Planning permission and building regulations are often confused. “Planning permission is concerned with the visual impact and size of the structure and not the technical integrity.” Building regulations, on the other hand, covers all aspects of building construction to ensure building standards are maintained and are constantly being reviewed. Building regulations are statutory instructions that seek to ensure that the policies set out in the relevant legislation are carried out. Building regulations approval is required for most building work in the UK, however a Conservatory or Orangery is usually exempt from building regulations provided it is: 

  • Built on to a domestic dwelling and divided from the rest of the house by a door that complies with the requirements for an exterior door. 
  • Under 30 square metres in floor area. 
  • A single storey. 
  • Built at ground floor level. 
  • Glazed in compliance with safety glazing requirements of approved Document N of the Building Regulations BS6262 Part 4 
  • Not built within 1m of the boundary. 
  • Fitted with a roof that is 75% glazed and with walls that are 50% glazed.
  • There should be an independent heating system with temperature on off controls

There are other limitations that apply to buildings constructed as Glass Room Extensions and for more in depth information on building regulations, please visit the Government website with information on Planning-Development Building-Regulations.

Listed Buildings

Listed Buildings or homes within an area of outstanding natural beauty require close attention to detail with regards to planning and Listed Building Consent. Although some Permitted Development Rights may apply for Listed Buildings and homes in an area of outstanding natural beauty, there will be more restrictions and you may still need to get planning permission for some aspects of the work. In almost all situations, you are likely to need Listed Building Consent to add a Conservatory or Orangery onto a listed building. Listed Building Consent is granted by your council. It is vital to consult with your Local Planning Authority to decide the best course of action. Remember that building a Conservatory without permission onto a listed building is a criminal offence. Permission is also required to replace an existing structure. For more in depth information on conservatory listed building consent, please visit The Planning Portal-other permissions-listed.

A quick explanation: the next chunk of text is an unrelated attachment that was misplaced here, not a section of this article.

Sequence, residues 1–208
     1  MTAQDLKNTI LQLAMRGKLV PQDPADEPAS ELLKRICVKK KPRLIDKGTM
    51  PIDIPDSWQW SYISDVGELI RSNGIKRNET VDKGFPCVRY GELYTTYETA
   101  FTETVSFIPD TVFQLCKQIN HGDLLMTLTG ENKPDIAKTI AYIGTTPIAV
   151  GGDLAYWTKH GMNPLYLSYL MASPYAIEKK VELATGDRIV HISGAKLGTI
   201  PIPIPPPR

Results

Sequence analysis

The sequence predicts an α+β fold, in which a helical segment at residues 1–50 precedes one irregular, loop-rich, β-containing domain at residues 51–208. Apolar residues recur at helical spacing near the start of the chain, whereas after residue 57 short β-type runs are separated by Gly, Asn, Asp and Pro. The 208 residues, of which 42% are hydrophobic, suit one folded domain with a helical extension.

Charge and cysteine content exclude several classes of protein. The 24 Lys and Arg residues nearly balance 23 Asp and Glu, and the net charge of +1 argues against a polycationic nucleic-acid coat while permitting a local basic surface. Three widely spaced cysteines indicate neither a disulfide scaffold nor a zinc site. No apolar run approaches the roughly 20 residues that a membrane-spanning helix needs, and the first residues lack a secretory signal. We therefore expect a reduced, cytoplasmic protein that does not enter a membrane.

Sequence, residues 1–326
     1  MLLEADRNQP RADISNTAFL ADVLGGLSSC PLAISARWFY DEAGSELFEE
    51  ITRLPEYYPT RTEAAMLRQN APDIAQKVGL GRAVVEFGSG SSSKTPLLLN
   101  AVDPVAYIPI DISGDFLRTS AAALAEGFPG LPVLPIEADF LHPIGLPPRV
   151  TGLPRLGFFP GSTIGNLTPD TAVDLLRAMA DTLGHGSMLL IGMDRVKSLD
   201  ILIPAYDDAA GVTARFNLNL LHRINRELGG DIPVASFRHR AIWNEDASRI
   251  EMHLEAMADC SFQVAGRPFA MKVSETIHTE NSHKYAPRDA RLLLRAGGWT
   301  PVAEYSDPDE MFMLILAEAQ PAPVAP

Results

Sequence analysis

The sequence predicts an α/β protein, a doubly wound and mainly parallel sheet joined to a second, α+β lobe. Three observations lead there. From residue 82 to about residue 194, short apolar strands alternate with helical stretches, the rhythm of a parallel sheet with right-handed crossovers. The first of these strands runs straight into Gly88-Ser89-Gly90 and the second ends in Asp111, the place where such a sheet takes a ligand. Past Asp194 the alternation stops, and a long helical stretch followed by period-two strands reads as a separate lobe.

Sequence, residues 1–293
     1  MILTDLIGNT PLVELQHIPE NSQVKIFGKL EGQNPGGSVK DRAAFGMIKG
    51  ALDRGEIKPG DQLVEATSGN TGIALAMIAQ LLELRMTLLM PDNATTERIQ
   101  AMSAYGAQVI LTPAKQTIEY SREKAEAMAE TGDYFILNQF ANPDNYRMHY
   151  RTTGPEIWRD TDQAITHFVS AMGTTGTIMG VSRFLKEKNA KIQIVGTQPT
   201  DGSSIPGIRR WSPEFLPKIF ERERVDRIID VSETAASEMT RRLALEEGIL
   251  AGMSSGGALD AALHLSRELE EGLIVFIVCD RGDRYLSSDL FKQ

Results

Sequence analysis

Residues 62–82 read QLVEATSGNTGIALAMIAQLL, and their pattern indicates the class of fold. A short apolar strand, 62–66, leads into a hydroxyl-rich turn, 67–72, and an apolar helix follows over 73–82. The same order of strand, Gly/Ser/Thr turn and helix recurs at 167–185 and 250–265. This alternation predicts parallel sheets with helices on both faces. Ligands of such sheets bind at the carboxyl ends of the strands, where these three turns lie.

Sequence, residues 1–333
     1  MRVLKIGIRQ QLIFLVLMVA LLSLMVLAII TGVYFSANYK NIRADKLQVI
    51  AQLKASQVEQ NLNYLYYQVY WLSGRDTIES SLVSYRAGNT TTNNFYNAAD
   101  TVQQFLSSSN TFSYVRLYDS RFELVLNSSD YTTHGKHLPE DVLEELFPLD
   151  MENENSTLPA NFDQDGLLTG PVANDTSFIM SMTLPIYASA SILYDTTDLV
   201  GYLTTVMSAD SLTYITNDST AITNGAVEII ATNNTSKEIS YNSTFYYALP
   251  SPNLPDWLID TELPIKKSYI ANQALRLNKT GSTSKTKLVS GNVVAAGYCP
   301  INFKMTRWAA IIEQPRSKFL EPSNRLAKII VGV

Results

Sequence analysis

The information contained within this article is strictly for guidance only. Your local planning authority will be able to advise you of any additional restrictions in your area and we recommend that you consult an independent Planning Specialist who can ascertain exactly what is required for your own property before going ahead with any work. We have decades of experience in adding conservatories, Orangeries and Glass Extensions on to existing homes, including listed buildings and in areas of Outstanding Natural Beauty, and will be more than happy to discuss you project with you to advise further and provide you with a complimentary, no-obligation quotation to help you begin planning your glass extension project. We can also refer you to any relevant specialists who can advise you on your specific planning and consent requirements.